Spirit of success revived

WITH age comes wisdom and with age also comes flavour.

Age and time have been the saving grace for owners of Charles Reuben Estate Winery, Jens and Louise Volkmann. This year marks their 10th year of operating their vineyard in Tea Tree and it’s been a constant climb to success.

“Winery was always something we wanted to do. I’ve had an interest in wine for about 30 years now.” he said.

“I got introduced to good wine through my parents rather than the cheap stuff and started developing

a love for wine and cheeses, all the good stuff.”

He moved to Australia in 2005 and met Louise who hails from Launceston.

They were looking to buy a vineyard in 2013 and after inspecting many properties the Charles Reuben Estate came up for grabs with 10,000 vines planted.

Mr Volkmann said the previous owner of the estate told him he had lost his passion for winemaking and wanted to sell. Luckily for him, the Volkmanns were full of nothing but eagerness and passion.

“He said he wanted to move out and well… we wanted to move in.”

The 7ha property with 3ha of vines was a little smaller than what they really wanted but they were willing to give it a shot.”

“It’s a fantastic area to grow.
It’s got beautiful soil and beautiful climate, fantastic aspects and in my opinion it’s one of the best regions to grow grapes in Australia.”

Wine had not been produced for some years so the vines needed a lot of attention. It was a matter of trying to nurture them back to life to the productive state they once were.

“I thought you can’t replant 30-odd year-old vines because the flavours get richer, they get better, they produce much more intense

flavours the older they are,” he said. “I’m glad I dug my heels in. I’m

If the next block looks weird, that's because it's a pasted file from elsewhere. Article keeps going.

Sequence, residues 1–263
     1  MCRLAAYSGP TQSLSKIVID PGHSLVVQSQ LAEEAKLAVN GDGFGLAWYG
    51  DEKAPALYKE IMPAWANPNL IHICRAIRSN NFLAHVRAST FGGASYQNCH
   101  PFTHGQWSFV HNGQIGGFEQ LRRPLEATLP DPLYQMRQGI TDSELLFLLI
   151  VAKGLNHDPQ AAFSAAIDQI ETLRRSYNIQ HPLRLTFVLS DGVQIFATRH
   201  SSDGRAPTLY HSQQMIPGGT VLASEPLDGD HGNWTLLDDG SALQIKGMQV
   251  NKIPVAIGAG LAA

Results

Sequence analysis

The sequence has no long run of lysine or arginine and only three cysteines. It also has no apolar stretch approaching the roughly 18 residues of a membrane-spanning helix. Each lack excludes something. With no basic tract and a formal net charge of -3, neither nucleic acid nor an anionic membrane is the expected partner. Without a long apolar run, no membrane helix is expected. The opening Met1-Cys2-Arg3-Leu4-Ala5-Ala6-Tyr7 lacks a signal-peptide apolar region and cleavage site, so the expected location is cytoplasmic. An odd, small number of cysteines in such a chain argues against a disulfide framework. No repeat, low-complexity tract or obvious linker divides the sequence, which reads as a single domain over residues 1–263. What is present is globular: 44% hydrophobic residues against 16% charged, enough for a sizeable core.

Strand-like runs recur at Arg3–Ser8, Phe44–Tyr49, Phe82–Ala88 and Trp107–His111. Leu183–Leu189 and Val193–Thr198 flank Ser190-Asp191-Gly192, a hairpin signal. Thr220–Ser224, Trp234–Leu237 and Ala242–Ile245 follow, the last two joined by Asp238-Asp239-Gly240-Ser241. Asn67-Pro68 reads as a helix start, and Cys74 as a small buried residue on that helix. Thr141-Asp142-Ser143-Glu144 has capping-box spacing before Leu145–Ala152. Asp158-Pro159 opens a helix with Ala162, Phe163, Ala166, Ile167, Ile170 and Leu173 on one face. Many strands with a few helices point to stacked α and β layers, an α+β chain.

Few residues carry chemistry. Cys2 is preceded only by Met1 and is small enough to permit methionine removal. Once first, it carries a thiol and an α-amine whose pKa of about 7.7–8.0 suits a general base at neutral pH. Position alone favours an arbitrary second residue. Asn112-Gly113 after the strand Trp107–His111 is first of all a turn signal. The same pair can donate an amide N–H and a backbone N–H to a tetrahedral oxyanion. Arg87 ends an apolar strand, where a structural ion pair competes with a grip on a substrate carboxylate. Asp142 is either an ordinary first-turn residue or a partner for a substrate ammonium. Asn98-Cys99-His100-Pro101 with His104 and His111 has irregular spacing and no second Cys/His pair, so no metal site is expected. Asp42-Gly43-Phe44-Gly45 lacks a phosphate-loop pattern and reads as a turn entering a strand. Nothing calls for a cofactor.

happy we proved everyone else wrong who said you have to rip it out and start again.”

“The older vines have much better flavours.”

Producing their own wine was a lot of trial and error at first.

“The first season was lost because we bought in November. The vines were just growing, there were no grapes because they were struggling to survive,” he said.

“We did have our up and downs. It’s not that easy to resurrect a vineyard at that age that’s been let go for a while.

“We did the right thing by
the vines. We gave them water, nutrients, gave them everything,” he said.

Things have been on the up since then. Mr Volkmann said they had their best year on record last year and is expecting for this year to be just as crazy.

“The first year was nothing and second year we got like 80kg which is only enough to make jam.

“The next year we got 500kg and we said ‘whoa, this is going in the right direction’.”

The year after they harvested two tonnes, then five tonnes and it has been a steady increase since.

Their property also features Pinot Cottage, which they have revamped and extended from an old farm house.

The accommodation was opened during a time their wine production was on a standstill and they needed a way to make money while waiting for harvest.

“People just really like to get away, time’s ticking a little bit slower out here, it’s just really nice to stay and hang out for a while.”

Adding a distillery in 2019, the couple had a vision to create some of the best-quality brandies in Tasmania and Australia.

Last month they released a

one-time release brandy made from grapes that are over 20 years old. Mr Volkmann accepts they will

probably never be able to re-create one of their best successes.

“We’ve just started lightly introducing it to the odd tour. That’s the first limited bottles which will go mainly to the tasting house in Richmond.

“Some people really like to have something different and something special that won’t be repeated ever,” he said.

Their operation is also one of the only places in Tasmania to make fruit brandy sourced from their own or locally sourced produce.

The flavour range includes kirsch, blood orange, apricot, cherry and grape brandy. Charles Reuben Estate has plans to produce more aged brandy in the coming year.

The couple also have plans in the making to be able to power the distillery and accommodation with solar power.